The sci-fi series 12 Monkeys with three seasons so far is based on the movie that debuted in 1996, also called 12 monkeys. However plot lines have deviated from the movie as the show progressed into successive series.
The only link now between the movie and the series is the premise to “unmake history”.
Critics have dubbed 12 Monkeys, as the “best show no one is watching”. But the fourth and final season to be released this year could change that. It seems that the writers and producers of the series have finally found the right strategy to get viewers hooked till the end, taking the cue from sci-fi channel Sfyf that got viewers to binge watch season 3 in one weekend.
12 Monkeys, now available on Netflix, is a story where the beginning is the end and the end is the beginning.
The year is 2043 and nearly 40 years earlier, a lethal man-made virus spared only 1 percent of the world’s population.
The series kicks off with scenes from a laboratory located somewhere in Philadelphia in 2043 where James Cole, played by Aaron Stanford, is being prepared to splinter back into time to “save seven billion souls”.
At first watch it seems Cole’s mission to go back in time is pretty straightforward. He is tasked to kill a certain Leland Goines (played by Zeljko Ivanek), the owner of a mega pharmaceutical company and the man responsible for the apocalypse. However, it slowly evolves into a complex understanding of time and time consciousness, which also includes evolved human beings with direct connections to time itself. These people are called primaries throughout the show.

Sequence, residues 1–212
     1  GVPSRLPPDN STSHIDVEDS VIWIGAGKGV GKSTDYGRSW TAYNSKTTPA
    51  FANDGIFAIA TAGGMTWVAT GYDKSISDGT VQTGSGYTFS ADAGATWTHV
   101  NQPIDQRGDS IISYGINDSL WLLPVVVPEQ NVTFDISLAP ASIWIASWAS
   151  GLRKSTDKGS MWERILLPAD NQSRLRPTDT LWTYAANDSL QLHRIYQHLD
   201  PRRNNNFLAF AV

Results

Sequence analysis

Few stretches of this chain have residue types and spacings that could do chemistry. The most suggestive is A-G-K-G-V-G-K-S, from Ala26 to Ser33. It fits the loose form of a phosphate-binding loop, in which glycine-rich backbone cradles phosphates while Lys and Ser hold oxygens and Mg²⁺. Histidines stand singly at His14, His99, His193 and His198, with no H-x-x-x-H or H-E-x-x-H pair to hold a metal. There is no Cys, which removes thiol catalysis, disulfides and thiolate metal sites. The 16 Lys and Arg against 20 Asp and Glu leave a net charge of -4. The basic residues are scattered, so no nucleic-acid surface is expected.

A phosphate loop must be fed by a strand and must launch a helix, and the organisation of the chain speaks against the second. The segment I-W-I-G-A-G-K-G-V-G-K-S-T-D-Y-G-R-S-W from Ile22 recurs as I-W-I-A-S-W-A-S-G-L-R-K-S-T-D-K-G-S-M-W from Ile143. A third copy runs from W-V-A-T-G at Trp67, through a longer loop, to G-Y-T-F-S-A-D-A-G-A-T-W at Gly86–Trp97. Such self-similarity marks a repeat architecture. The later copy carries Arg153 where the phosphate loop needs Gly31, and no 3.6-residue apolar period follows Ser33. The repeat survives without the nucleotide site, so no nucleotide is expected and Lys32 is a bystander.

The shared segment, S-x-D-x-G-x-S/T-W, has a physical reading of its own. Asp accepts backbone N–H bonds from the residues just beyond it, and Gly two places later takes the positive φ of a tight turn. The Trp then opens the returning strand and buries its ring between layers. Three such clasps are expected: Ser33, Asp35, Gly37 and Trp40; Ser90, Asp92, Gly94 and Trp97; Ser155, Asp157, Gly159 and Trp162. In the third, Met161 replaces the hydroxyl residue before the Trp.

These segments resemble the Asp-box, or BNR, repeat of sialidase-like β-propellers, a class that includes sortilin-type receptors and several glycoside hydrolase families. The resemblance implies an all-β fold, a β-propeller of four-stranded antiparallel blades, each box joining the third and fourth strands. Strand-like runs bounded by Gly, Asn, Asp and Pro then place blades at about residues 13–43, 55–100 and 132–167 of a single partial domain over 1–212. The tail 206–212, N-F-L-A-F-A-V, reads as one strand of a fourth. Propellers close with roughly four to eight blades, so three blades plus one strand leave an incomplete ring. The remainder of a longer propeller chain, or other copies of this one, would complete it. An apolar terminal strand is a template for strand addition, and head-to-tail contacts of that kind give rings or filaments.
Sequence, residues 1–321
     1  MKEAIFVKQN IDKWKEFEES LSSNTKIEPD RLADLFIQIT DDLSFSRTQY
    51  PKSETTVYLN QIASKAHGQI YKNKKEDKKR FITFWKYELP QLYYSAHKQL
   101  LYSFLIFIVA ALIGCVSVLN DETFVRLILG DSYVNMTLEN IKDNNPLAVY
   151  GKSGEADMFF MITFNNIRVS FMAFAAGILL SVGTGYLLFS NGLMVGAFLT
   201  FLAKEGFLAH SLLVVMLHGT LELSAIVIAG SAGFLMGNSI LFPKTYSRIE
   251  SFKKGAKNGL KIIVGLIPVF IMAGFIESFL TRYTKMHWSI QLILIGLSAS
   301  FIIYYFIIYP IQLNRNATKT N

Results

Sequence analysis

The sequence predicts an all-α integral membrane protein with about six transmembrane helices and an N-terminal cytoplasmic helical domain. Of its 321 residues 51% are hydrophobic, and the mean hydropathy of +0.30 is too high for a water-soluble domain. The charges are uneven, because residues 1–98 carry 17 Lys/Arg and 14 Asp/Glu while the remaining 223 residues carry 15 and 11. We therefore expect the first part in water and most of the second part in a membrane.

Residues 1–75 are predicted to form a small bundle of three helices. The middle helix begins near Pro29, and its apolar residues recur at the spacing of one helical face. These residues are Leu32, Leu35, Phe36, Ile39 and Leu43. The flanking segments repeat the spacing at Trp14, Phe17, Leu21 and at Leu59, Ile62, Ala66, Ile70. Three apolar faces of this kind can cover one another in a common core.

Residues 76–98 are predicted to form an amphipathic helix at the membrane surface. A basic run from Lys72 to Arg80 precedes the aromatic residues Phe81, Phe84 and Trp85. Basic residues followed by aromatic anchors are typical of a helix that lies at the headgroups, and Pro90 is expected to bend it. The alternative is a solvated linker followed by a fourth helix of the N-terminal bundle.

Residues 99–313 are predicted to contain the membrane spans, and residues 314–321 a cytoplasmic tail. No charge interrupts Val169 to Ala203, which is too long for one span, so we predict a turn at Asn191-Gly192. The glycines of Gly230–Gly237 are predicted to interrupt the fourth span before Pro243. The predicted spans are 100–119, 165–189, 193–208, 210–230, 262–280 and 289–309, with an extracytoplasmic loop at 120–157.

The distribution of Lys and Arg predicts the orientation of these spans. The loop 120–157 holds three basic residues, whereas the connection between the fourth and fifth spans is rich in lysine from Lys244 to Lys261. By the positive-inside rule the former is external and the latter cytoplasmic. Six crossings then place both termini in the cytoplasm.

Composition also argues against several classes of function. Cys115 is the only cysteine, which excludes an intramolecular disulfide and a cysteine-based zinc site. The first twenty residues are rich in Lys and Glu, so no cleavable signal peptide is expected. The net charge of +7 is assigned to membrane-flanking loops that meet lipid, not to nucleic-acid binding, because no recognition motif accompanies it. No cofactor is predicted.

The pilot show of 12 Monkeys has Cole go back to 2015 where he kidnaps a virologist named Dr. Cassandra Railly, played by Amanda Schull. This virologist is pre-destined to help Cole to find Goines and Coles is sent back in time to kidnap her because from the year he comes from, there is a collection of historical documents and recordings that could help save 7 billion lives. In these documents is a recording from Dr. Railly mentioning the name of Goines.
The labyrinth of timelines creates so many possibilities making each turn seem like an impossible enigma. The timeline enigma becomes apparent when Cole kidnaps the wrong timeline version of Dr. Railly who has no idea who Goines is and what his intentions are in creating the lethal virus.
Not to fear he is able to give Dr. Railly a message to meet him 3 years later with the name and location of where Goines would be, to carry out the assassination.
Cole first learns about the army of the 12 Monkeys from his assassination attempt of Goines. In a twist of fate, even though he manages to eliminate him, it is not enough to change the course of history to prevent the deadly plague caused by the virus.
Now, “Project Splinter” scientists led by physicist Katarina Jones (Barbara Sukowa), must use Cole in a new mission to stop the 12 Monkeys to prevent the destruction of the world.